The DVD opens with a Disney Blu-ray promo, nifty trailers for Walt & El Grupo and Waking Sleeping Beauty, and a Cruella De Vil attack on smoking (where was this smoking?!). The menu's Sneak Peeks listing plays trailers for African Cats, Fantasia and Fantasia 2000: 2 Movie Collection, D23, Bambi: Diamond Edition, and The Lion King: Diamond Edition.

Walt Disney would love the DVD's main menu, which plays a tender "Feed the Birds" demo while pictures and clips from the Sherman's movies float by.

A slipcover tops the black keepcase. Neither employs the Disney DVD logo despite the film being a Walt Disney Pictures release. Inside is a Disney Movie Rewards code and an ad for Blu-ray. Infinitely cooler than those is a folded 8" x 11" reproduction of the Shermans' first page of hand-written song sheet for "Feed the Birds" (called "Tuppence a Bag" here), complete with notes and pencil marks.

A section on the Sherman Brothers' fondness for building children's vocabularies includes a clip of Clara's song "Fundamental Friendependability" from "Snoopy, Come Home." All is supposedly well as Richard, Robert, and Jeffrey Sherman walk the red carpet at the 2006 "Mary Poppins" Broadway premiere.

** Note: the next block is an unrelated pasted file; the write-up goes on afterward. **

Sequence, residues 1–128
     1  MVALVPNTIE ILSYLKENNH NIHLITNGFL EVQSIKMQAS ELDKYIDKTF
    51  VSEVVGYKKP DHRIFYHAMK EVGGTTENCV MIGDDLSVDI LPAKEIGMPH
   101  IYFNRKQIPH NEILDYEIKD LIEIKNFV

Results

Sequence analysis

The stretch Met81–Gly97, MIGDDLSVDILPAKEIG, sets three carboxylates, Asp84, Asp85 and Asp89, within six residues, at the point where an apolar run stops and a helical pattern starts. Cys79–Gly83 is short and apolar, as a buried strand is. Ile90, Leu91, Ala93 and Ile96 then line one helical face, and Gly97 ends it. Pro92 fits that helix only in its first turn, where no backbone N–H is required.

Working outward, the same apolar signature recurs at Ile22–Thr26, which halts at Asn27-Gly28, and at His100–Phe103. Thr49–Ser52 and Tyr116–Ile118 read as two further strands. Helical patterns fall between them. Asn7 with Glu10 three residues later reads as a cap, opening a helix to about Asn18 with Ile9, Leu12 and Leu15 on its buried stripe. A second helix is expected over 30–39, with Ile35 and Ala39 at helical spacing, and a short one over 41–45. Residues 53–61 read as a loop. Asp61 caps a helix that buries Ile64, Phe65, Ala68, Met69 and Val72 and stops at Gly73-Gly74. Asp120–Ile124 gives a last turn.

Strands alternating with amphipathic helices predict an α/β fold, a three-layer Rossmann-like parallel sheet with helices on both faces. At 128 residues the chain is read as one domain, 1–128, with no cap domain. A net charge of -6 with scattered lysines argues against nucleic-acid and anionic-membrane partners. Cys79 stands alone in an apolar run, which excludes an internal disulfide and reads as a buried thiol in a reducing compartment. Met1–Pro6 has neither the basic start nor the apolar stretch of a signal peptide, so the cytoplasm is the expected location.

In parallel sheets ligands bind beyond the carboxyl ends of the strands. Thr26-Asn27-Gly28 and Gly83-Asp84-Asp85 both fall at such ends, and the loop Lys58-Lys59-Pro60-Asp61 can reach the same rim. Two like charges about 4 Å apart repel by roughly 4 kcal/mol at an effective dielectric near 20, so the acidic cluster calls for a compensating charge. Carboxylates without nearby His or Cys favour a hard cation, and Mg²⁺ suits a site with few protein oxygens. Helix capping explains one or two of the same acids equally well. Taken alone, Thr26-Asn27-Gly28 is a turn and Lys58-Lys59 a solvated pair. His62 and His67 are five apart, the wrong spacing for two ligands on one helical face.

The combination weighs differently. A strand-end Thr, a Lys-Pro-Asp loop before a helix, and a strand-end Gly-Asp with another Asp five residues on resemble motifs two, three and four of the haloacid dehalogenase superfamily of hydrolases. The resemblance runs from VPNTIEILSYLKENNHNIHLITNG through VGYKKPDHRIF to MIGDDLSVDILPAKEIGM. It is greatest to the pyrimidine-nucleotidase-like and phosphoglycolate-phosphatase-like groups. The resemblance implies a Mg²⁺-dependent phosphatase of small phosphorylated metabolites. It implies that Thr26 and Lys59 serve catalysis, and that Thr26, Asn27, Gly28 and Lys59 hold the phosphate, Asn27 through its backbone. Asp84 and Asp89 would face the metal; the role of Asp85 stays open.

The Boys: The Sherman Brothers' Story left me wanting more about the men themselves, but their incredible catalog of music is dutifully celebrated in solid fashion with an abundance of valuable speakers and clips. The DVD's presentation satisfies and the bonus features add some value (though I would have liked to see more archival material). In short, while the documentary doesn't bowl over with unique content and revelations, it is certain to be enjoyed by anyone fond of 1960s and early '70s Disney and Disneyesque film and theme park music. "The boys" should be pleased with the way their sons have told their story.

More on the DVD / Buy from Amazon.com

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Related Reviews:
New: Waking Sleeping Beauty The Sound of Music Harry Potter and the Goblet of Fire (Ultimate Edition) 'Twas the Night Before Christmas
Walt Disney Treasures: Disneyland -- Secrets, Stories & Magic Walt Disney Treasures: Annette Darby O'Gill and the Little People The Lion King
Jim Brickman at the Magic Kingdom: The Disney Songbook Night at the Museum Walt Disney Treasures: Behind the Scenes at the Walt Disney Studio

Music by The Sherman Brothers:
Mary Poppins (45th Anniversary Edition) Chitty Chitty Bang Bang (Blu-ray + DVD) Bedknobs and Broomsticks The Jungle Book
The Parent Trap The Aristocats The Sword in the Stone The Many Adventures of Winnie the Pooh The Tigger Movie
Sing Along Songs: Disneyland Fun You Can Fly! The Bare Necessities Sing a Song with Pooh Bear and Piglet Too Supercalifragilisticexpialidocious
Summer Magic The Happiest Millionaire The One and Only, Genuine, Original Family Band The Gnome-Mobile That Darn Cat!
Walt Disney Treasures: Disney Rarities Follow Me, Boys! Those Calloways Monkeys, Go Home! Big Red The Absent-Minded Professor

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Reviewed December 4, 2010.